Taro ice is a popular cold dessert many years ago. It looks and tastes like ice cream but doesn’t contain any dairy products. It may not have that rich fatty texture but its simple flavor is still greatly missed by the older generation.
It is very easy to make taro ice: combine taro, water, sugar, and tai bi powder (potato or tapioca starch), cook to get taro paste, then freeze.
It is an inexpensive way to thicken taro with tai bi powder. We can substitute water with milk or even add some cream to make taro ice cream (see recipe #289).
Steamed taro or coco malanga (net weight) – 600 g (see note 1)
Water – 600 g
Sugar – 300 g
Tai bi powder (potato or tapioca starch) – 50 g
Metal container (see note 2)
1) Add water to the steamed taro and process with a food processor or blender until it is a paste.
2) Add sugar and tai bi powder and whisk until everything is blended with no lumps.
3) Cook the mixture until it boils then turn the heat off. It is a very thick mixture, so stir constantly to prevent bottom of the pan from scorching.
4) Pour the thick taro paste into the metal container and let it cool. Once the paste has cooled, cover the top with a piece of plastic wrap (to prevent the paste from absorbing peculiar fridge smell) then refrigerate for a few hours.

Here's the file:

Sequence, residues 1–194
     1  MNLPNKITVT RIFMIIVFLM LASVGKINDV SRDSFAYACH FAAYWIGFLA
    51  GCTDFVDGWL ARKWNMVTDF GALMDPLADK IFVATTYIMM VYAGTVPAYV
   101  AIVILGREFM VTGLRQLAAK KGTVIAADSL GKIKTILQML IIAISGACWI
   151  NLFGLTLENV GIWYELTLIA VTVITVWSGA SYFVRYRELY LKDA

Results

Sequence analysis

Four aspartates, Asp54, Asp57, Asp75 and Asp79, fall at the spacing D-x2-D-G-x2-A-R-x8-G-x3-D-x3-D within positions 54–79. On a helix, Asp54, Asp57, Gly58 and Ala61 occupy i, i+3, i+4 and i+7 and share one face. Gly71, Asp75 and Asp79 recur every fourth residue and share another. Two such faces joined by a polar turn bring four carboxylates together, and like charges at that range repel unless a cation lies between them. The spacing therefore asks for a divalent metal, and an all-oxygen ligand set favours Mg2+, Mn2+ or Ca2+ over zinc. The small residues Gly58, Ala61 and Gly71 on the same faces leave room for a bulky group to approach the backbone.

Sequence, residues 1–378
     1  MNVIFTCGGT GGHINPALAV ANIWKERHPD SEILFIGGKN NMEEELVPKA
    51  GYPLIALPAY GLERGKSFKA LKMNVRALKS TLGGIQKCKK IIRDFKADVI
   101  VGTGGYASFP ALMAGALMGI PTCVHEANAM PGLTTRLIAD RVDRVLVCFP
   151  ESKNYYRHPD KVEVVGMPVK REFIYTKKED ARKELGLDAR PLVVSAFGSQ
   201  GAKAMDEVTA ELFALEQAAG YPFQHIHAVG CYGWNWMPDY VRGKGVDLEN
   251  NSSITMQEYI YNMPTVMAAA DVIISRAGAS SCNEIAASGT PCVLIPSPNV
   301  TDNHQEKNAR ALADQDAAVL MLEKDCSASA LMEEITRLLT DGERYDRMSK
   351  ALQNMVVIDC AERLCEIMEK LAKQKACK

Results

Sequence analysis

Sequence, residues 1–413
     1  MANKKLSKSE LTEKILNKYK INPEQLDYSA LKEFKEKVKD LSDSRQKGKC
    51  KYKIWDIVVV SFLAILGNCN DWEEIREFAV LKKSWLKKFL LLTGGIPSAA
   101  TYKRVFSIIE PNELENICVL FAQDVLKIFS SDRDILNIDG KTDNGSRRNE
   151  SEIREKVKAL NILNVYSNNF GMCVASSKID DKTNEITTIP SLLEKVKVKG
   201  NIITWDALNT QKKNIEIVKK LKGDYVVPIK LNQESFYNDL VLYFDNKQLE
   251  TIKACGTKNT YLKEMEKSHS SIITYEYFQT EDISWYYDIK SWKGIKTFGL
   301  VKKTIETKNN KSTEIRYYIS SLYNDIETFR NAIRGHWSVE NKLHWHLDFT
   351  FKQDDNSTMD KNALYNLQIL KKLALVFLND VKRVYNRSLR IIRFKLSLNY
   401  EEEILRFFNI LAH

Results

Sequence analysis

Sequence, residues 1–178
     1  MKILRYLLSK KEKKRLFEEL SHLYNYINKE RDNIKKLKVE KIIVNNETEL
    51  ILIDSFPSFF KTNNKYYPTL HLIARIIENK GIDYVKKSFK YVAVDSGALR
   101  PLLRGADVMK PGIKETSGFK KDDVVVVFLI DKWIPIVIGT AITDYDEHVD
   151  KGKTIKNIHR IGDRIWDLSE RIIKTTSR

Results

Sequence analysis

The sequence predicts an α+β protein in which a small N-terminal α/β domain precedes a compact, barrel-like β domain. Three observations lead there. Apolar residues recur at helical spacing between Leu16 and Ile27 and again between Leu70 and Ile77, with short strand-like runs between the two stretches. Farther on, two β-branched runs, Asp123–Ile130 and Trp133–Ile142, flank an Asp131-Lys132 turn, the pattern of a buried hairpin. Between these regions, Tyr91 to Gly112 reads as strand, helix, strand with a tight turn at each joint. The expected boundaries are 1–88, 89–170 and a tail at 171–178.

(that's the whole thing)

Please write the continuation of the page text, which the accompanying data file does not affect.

5) Freeze (turn it on full blast) the cold taro paste for another few hours until it is frozen solid.
6) To release the taro ice block from the metal container: run the back of the container with hot tap water then tap it hard (open side down) on the cutting board. If it doesn’t release the first time, rinse the container with hot tap water again.
7) Cut the taro block into cubes. Enjoy on a hot summer day!
Taro doesn’t have to be steamed. Taro can also be cooked with water in a pot directly. Once it is cooked, weigh 1100 g of taro with its cooking liquid. Add water if there isn’t enough to get 1100 g.
Metal container makes the freezing process faster. Faster freezing produces a finer ice texture. Any type of metal container will be OK.
There is a huge variety of taro ice on the market. Unfortunately, they are not made with taro. These vendors usually use white bean paste, mashed potato, or sweet potato paste instead of taro. Some even only use tai bi powder with other additives and extracts to make strawberry, chocolate, or passion fruit flavored taro ice.